BC's Mountain Pine Beetle Kill (80% by 2013)
Date: Wednesday, January 18 2006
British Columbia’s Mountain Pine Beetle Action Plan 2005–2010
British Columbia is currently experiencing the largest recorded mountain pine beetle outbreak in North America. This forest health epidemic is a catastrophic natural disaster and is causing widespread mortality of lodgepole pine, the Interior’s most abundant commercial tree species. The epidemic puts forest values at risk and threatens the stability and long-term economic well-being of many communities. This plan builds on the Action Plans developed and implemented by the government over the past three years. During that time the epidemic has spread, and is no longer just a forestry problem. Therefore, this plan provides a broader, longer term approach involving all appropriate government ministries. It provides an overview of the Province’s response. It sets out objectives and actions aimed at mitigating the social, economic and environmental consequences of this widespread forest damage now and in the future.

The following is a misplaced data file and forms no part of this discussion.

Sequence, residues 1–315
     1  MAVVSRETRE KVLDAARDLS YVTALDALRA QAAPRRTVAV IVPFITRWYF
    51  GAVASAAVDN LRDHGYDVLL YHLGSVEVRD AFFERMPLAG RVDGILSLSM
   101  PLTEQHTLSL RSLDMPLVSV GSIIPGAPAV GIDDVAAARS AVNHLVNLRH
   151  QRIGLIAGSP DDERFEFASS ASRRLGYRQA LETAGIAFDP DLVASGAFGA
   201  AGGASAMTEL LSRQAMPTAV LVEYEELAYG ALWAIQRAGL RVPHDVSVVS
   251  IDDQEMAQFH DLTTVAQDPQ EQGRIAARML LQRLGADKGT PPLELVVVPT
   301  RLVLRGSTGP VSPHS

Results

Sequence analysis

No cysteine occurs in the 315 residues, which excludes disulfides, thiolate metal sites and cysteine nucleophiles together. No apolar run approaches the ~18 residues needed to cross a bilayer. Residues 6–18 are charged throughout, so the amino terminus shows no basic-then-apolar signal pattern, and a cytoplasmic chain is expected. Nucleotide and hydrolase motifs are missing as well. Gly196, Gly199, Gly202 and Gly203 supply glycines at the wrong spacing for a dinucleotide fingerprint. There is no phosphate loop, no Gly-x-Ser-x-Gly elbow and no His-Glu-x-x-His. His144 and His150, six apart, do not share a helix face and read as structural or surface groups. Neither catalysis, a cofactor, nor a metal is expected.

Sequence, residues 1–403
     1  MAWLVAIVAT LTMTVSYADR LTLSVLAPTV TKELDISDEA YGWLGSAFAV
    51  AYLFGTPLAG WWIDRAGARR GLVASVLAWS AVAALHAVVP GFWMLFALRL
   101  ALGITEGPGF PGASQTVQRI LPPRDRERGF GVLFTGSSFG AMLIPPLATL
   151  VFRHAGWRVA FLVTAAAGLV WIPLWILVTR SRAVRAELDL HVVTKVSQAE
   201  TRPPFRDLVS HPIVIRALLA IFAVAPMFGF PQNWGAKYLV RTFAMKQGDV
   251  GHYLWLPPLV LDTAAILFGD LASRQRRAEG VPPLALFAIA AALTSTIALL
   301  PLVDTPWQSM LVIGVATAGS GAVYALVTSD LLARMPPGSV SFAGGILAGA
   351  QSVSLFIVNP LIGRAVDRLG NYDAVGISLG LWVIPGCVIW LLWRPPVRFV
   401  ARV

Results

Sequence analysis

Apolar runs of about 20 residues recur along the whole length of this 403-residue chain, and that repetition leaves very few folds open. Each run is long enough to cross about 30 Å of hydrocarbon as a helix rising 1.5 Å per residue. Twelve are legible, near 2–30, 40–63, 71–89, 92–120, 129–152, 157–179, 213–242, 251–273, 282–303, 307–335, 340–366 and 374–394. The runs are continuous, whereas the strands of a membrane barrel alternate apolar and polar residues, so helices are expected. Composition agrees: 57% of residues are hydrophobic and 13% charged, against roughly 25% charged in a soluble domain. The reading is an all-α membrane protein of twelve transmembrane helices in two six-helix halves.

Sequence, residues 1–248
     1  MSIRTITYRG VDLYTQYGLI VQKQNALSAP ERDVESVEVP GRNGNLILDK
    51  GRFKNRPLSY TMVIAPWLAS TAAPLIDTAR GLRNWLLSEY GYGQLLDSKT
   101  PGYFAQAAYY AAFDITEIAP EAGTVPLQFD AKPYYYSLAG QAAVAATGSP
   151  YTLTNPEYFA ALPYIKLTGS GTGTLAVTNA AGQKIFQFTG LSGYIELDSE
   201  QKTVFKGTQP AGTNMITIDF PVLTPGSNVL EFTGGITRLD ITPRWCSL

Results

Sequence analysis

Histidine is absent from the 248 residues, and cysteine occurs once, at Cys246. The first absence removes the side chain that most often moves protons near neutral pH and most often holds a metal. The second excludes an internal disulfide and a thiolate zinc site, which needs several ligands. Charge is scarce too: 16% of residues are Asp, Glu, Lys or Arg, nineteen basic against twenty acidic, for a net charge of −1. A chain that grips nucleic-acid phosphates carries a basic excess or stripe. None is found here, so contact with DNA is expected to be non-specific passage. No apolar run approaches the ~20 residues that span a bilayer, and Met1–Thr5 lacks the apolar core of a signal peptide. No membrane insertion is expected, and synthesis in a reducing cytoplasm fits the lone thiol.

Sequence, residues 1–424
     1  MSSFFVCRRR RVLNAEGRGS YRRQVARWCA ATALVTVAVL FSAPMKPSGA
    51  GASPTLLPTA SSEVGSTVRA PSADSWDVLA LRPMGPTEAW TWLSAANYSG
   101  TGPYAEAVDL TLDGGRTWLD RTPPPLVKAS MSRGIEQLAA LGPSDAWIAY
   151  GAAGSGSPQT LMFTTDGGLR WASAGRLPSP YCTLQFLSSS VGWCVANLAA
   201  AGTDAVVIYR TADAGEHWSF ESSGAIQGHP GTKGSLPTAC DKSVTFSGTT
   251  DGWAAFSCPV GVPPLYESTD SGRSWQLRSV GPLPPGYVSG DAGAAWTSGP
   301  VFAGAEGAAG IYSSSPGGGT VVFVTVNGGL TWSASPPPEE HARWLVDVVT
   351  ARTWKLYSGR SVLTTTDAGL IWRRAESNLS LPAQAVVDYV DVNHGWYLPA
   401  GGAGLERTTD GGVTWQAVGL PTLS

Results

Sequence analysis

The province’s total inventory of mature lodgepole pine (at least 80 years old) is approximately 1 billion cubic metres. Mountain pine beetles have reached epidemic levels several times over the last century in B.C., however past outbreaks were generally confined to limited geographic areas and were typically curtailed by cold weather. The current beetle epidemic has now killed approximately 283 million cubic metres of timber, with an annual red attack coverage of 7 million hectares in the central and southern interior of British Columbia. The outbreak continues to kill mature pine trees in the Central Interior and is well established in the Thompson-Okanagan and Kootenay regions. Infestations are now appearing in the Peace River Region. Only if a period of extremely cold weather (e.g. -20C in the fall or -40C in late winter) occurs throughout the affected area can the epidemic be stopped. As a result, it is likely the epidemic will only be over once it has infested most of the mature pine in B.C. Ministry of Forests modeling data1 predict that at the current rate of spread, 50 per cent of the mature pine will be dead by 2008 and 80 per cent by 2013.
[Proofreader's note: this article was edited for spelling and typos on January 18, 2006]